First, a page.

Principal's retirement ends era at Broadneck


August 20, 1993|By PAT O'MALLEY

It's been awhile, but questions without answers is back. In some cases, I've provided some "Q's" with answers, but for the ones without, if you can help me give me a buzz on the 24-Hour Sportsline, (410) 647-2499.

* What's the retirement of principal Larry Knight going to mean to Broadneck High athletics?

Knight was not an average principal in terms of high school sports, and it would seem the Bruin coaches and athletes are losing a devoted friend and supporter. Knight regularly attended Bruin sports events and pushed the educational values of winning teams.

From the beginning, Broadneck was very successful overall in its boys and girls athletic programs because of two reasons -- Knight and Tim McMullen.

Knight and McMullen, his hand-picked athletic director, gave the program a sense of pride.

McMullen stepped down as athletic director three years ago, but has been succeeded by his brother Kevin (now at Thomas

Johnson in Frederick) and Ken Kazmarek who have carried on the tradition. Tim McMullen is no longer the A.D., but he is an assistant and is there to help.

Through it all, the man at the top was Knight -- a staunch supporter of athletics. It will be interesting to see who replaces Knight and what philosophy on athletics the new principal has.

* Have you heard the rumors that veteran South River coach Kenny Dunn might not be back as basketball and baseball coach? They are just that, rumors. Dunn will return and so will his assistant basketball coach Jack Jordan.

* Is veteran Severna Park JV football coach Bob Ferguson the first on record to suffer a knee injury while demonstrating a technique and stepping in dog waste?

Ferguson had to visit a doctor and is limping around in a knee brace.

* Are you North County fans and students ready to watch the Knights play all their fall sports (with the exception of volleyball) at the old school (Andover) because the stadium turf at the new site (formerly Lindale Junior High) is not ready?

Are you North County fans confident, or doubtful, that the Knights' new baseball field will be ready by the spring?

* In the wake of the turmoil at Northeast High over the last few months, shouldn't we all be pulling for the student-athletes at the Pasadena school to somehow enjoy the high school experience and restore pride in the Eagles' tattered program?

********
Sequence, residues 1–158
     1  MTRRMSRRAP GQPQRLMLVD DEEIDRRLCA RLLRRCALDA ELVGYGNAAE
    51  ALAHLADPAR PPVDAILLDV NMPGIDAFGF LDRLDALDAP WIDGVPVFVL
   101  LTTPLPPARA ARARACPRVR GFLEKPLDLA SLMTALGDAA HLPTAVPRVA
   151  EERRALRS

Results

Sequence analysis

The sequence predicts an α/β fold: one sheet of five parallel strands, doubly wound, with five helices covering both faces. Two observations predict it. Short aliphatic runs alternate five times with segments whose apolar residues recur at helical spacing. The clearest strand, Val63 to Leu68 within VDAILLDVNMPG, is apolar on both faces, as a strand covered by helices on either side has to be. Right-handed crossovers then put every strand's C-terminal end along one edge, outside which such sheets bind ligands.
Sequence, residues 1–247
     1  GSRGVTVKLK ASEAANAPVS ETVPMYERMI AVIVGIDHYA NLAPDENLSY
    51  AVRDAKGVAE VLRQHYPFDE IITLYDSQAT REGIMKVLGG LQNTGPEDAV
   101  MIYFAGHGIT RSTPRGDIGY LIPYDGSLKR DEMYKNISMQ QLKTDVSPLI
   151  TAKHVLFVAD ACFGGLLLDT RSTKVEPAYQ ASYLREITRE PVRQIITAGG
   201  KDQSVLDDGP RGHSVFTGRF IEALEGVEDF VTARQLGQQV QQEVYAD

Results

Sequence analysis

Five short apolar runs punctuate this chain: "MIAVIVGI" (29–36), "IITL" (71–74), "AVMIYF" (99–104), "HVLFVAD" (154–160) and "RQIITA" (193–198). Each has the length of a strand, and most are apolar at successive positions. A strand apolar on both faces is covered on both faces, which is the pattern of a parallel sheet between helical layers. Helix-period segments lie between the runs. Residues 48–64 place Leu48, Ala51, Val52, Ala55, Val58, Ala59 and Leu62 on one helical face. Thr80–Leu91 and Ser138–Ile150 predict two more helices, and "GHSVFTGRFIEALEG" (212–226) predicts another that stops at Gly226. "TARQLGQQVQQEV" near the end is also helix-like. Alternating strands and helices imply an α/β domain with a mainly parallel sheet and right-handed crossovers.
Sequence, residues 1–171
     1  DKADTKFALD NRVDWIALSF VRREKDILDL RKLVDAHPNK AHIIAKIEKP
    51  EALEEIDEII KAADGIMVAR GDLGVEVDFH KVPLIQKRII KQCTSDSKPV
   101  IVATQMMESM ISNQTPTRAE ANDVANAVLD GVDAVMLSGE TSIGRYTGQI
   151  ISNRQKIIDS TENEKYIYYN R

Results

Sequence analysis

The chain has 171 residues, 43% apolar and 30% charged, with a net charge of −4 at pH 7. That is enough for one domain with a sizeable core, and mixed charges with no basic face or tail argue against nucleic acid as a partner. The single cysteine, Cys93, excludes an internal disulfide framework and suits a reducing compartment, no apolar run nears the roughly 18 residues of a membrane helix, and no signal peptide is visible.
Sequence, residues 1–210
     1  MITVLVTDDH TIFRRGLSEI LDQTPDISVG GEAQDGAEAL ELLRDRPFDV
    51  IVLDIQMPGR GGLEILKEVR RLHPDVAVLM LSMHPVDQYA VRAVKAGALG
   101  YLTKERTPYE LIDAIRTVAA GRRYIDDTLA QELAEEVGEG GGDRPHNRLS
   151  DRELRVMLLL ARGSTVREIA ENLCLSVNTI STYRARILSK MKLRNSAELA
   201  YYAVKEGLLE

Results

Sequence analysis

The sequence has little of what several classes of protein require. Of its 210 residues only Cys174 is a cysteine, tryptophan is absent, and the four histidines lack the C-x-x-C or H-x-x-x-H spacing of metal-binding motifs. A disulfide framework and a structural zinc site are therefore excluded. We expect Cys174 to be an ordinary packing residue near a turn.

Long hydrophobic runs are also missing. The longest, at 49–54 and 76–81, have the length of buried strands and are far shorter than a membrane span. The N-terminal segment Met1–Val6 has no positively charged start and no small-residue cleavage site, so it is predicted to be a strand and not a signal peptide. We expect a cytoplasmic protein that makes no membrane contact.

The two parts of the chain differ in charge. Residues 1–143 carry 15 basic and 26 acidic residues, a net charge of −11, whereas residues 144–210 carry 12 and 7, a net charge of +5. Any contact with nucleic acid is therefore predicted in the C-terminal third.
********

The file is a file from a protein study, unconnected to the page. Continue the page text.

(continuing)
Shouldn't it be a challenge to the young people at Northeast to rebuild the school's image with possibly the freshman class (class of '97) setting that as a goal?

* How about congrats to Severna Park High grads Steve Neuberger (University of Maryland) and Mark Budzinski (Richmond) on their key roles in Corrigan's Insurance winning the All-American Amateur Baseball Association 20-and-Under World Series in Johnstown, Pa.?

Neuberger and Budzinski each had key hits in the team's 5-4 national title victory over Columbus, Ohio last week. Neuberger was 2-for-4 with an RBI, and Budzinski doubled.

Other local ties to the Corrigan's team, which was run by veteran Milwaukee Brewers' scout Walter Youse, included coaches Mel Montgomery and Norm Gilden and sponsor Bill Corrigan. Montgomery is head baseball coach at Old Mill. Gilden and Corrigan reside in the Crownsville area.

To show you how good Corrigan's was, the club (59-14), consisting of college players, hammered state American Legion champion Mayo Post No. 226, 17-1, a couple of weeks ago.

"We got seven runs in the first inning off them and Bernie's [Walter] team never recovered," said Youse.

* Have you baseball types heard that veteran Anne Arundel Amateur Umpires Association chief Jack Kramp is headed for another back operation?

Kramp, who has had more than his share of back, knee and heart problems, will endure a seven-hour spinal operation on Sept. 7.

"They're going to put in reinforcement rods which I hope will solve my persistent back pains," said Kramp, who umpired several games this summer.

"I've been told that the operation is generally 95 percent effective."

Here's hoping that the operation will be successful so that Kramp can get out on the baseball diamond where he loves to be more often.

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